Embedding and Sectioning
Frozen Sections.
Tissue samples were fixed in 4% paraformaldehyde for 3 hours, soaked in 30% sucrose at 4°C overnight, and then frozen in OCT compound (Sakura Finetek USA, Torrance, CA) at −70°C. Sections 10-μm thick were placed on glass slides, dried in an oven at 40°C overnight, and then dehydrated in a graded series of ethanol (75%, 85%, 95%, 100%) and stored at −70°C until hybridization. 
Paraffin Sections.
Tissue samples were fixed in 10% neutral-buffered formalin for 24 hours, dehydrated in a graded series of ethanol (75%, 85%, 95%, 100%), soaked in Xylene, then embedded in paraffin. Sections 5-μm thick were placed on glass slides, baked at 60°C for 2 hours, and stored at room temperature until hybridization. 
JB-4 Sections.
Tissue was hybridized with probe before embedding and sectioning. After in situ hybridization, tissue wedges were processed into JB-4 plastic sections by dehydration in a graded series of ethanol (50%, 75%, 95%), soaking in JB-4 solution A + C for 30 minutes at room temperature, then incubated in the same fresh solution at 4°C overnight. Tissue was embedded in JB-4 solution A + B + C, and sections 5-μm thick were placed on glass slides. 
In Situ Hybridization
RNA Probes.
A 1.25-kb cDNA clone encoding human MYOC was obtained by reverse transcription–polymerase chain reaction (RT–PCR) with the following primers: 5′-GCCAGTC-CCAATGAATCCAG-3′ (upstream primer) and 5′-CGGTTCTTGAATGGGATGGT–3′ (downstream primer). The template for this reaction was total RNA extracted from human TM. Reaction conditions were 95°C denaturation, 65°C annealing, and 72°C extension for 35 cycles. PCR consistently yielded a single product of the expected size (1.25 kb), which was then cloned into pGEM-T easy vector (Amersham, Piscataway, NJ). The identity of this cDNA was confirmed by sequencing. RNA transcripts were labeled with digoxigenin (DIG)–UTP (Genius 4 RNA labeling kit; Boehringer Mannheim, Indianapolis, IN). The single-strand RNA probes were purified by ethanol precipitation.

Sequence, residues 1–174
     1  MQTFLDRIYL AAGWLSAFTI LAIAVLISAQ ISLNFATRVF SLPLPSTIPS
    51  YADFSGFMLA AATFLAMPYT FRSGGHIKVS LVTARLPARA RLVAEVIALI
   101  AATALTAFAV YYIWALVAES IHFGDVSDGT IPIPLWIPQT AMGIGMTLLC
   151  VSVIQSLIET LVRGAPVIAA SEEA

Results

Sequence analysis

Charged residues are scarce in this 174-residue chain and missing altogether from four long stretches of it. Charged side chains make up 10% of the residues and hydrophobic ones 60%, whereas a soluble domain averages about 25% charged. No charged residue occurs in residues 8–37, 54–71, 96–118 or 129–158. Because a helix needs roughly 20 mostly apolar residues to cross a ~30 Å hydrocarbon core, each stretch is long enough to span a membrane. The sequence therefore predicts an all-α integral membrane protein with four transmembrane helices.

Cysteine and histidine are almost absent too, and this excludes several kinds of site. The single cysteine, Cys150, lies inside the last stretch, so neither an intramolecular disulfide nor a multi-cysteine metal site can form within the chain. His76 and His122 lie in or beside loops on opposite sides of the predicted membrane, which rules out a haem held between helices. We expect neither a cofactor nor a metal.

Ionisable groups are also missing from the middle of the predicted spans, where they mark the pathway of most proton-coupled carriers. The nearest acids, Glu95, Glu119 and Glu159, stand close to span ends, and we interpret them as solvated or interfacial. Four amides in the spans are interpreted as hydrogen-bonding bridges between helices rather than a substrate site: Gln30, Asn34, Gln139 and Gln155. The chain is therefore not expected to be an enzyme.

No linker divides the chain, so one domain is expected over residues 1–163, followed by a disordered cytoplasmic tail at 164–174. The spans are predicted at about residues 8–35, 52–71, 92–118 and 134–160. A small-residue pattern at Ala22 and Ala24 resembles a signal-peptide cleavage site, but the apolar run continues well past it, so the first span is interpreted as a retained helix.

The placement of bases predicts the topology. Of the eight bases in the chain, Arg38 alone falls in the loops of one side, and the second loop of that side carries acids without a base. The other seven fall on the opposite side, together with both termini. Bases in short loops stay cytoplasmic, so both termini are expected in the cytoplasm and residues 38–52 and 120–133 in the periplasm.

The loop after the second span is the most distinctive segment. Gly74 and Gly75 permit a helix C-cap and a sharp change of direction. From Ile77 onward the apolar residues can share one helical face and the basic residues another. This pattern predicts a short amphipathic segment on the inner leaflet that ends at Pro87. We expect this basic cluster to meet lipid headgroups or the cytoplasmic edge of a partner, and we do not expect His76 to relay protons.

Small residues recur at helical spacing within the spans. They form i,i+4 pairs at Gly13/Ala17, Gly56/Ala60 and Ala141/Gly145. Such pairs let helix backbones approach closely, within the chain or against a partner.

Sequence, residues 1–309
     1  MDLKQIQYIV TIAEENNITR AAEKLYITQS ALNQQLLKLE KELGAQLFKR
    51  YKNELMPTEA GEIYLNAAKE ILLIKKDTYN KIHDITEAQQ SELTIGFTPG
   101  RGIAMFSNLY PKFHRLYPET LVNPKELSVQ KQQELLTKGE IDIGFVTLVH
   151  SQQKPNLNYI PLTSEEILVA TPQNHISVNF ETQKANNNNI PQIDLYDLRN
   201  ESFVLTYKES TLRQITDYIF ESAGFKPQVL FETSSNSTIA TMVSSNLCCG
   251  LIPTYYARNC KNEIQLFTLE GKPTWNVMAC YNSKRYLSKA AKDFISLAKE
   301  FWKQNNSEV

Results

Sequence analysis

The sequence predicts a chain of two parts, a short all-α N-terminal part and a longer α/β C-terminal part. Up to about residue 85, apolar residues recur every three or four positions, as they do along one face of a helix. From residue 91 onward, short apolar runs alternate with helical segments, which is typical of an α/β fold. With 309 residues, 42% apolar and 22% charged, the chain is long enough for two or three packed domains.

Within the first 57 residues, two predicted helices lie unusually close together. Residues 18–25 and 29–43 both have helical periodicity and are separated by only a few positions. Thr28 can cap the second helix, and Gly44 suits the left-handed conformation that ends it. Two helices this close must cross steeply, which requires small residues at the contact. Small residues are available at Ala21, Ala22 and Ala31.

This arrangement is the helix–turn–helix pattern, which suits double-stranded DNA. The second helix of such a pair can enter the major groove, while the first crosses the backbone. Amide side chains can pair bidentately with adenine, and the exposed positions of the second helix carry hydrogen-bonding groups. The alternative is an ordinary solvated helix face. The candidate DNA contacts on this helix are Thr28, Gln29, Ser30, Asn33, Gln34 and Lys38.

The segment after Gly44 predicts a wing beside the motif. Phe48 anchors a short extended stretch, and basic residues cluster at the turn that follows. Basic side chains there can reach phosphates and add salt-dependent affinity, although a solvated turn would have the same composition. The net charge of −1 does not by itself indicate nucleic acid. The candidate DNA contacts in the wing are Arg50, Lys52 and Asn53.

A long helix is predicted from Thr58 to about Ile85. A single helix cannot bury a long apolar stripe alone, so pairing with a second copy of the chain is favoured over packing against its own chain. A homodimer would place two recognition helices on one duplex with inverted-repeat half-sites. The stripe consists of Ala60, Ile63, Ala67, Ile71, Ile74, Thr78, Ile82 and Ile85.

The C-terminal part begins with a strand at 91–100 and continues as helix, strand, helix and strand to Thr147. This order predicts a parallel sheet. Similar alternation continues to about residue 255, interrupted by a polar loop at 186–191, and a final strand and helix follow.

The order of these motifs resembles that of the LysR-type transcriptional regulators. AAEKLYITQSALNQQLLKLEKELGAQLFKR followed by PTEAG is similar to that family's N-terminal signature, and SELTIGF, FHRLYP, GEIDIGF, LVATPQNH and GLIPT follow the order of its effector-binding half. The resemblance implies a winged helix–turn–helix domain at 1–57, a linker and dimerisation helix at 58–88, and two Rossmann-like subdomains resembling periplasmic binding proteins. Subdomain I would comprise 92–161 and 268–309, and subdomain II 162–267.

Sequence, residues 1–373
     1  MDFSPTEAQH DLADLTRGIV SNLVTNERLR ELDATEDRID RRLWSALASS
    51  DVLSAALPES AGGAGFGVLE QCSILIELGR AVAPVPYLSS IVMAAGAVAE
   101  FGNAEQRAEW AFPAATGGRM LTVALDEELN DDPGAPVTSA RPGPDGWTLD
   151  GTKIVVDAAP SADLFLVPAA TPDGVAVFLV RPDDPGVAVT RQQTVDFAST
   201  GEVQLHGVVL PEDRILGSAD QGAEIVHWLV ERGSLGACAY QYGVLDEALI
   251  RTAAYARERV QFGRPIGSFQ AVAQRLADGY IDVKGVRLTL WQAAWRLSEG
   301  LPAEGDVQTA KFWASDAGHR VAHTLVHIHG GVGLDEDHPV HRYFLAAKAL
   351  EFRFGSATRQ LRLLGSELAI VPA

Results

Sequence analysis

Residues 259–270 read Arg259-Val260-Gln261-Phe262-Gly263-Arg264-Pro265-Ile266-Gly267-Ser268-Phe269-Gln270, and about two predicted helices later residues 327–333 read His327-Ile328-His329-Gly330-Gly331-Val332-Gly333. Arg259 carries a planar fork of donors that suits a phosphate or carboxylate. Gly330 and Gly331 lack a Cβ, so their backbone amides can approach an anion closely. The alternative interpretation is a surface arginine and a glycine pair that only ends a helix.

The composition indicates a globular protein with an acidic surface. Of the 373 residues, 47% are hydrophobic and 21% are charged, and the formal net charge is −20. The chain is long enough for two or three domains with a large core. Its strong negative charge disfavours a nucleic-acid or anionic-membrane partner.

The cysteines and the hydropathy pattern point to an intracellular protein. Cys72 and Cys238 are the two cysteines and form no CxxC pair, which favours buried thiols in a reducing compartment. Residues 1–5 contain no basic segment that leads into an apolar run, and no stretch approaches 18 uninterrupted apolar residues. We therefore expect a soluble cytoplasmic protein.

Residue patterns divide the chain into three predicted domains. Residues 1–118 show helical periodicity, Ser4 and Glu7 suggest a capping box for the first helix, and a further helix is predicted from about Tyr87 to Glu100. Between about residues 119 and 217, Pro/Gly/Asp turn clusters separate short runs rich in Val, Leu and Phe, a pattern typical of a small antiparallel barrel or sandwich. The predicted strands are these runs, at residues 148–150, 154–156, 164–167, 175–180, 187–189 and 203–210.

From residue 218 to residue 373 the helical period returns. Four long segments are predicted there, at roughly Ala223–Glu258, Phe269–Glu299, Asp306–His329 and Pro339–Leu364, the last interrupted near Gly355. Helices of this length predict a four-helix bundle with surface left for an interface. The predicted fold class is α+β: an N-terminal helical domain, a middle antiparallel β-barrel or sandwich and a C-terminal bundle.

Application of Probe to Tissue.
Before application of the probe, frozen sections were warmed to room temperature, and paraffin sections were deparaffinized. Because tissue to be processed for JB-4 required the hybridization step before JB4 embedding, it was treated similarly to the frozen and paraffin sections at this point. All sections and tissue wedges were then incubated in 0.2 N HCl, treated with proteinase K, washed in phosphate-buffered saline, immersed 0.5% acetic anhydride in 0.1 M triethanolamine at pH 8, prehybridized in mRNA hybridization solution (DAKO, Carpinteria, CA), and hybridized in a solution containing 300 ng/ml of either the sense or antisense probe. All sections and tissue wedges were incubated in a closed moist chamber at 55°C overnight to allow hybridization. After hybridization, microscopic slides and tissue wedges washed in SSC, incubated in 4 μg/ml RNase A to remove unbound probe, and washed in SSC at 50°C. All slides and wedges were then blocked with 5% bovine serum albumin in 150 mM NaCl, 100 mM Tris–HCl (pH 7.50) for 30 minutes at room temperature and incubated in the same solution containing a 1:200 dilution of anti-DIG alkaline phosphatase conjugate (Boehringer Mannheim) for 2 hours at 37°C. After washing in 150 mM NaCl, 100 mM Tris–HCl (pH 7.5), the nitroblue tetracolium/5-bromo-4-chloro-3-indolylphosphate (NBT/BCIP) color detection reaction was then performed according to the manufacturer’s instructions (Boehringer Mannheim). The color detection reaction was monitored microscopically and interrupted after 2 hours by washing in 10 mM Tris, 1 mM EDTA. Sections were then mounted and coverslips applied, whereas the tissue wedges were processed into JB-4 plastic and sectioned at 5 μm thickness. Nuclear fast red was used as a counterstain for some sections. 
Control Sections.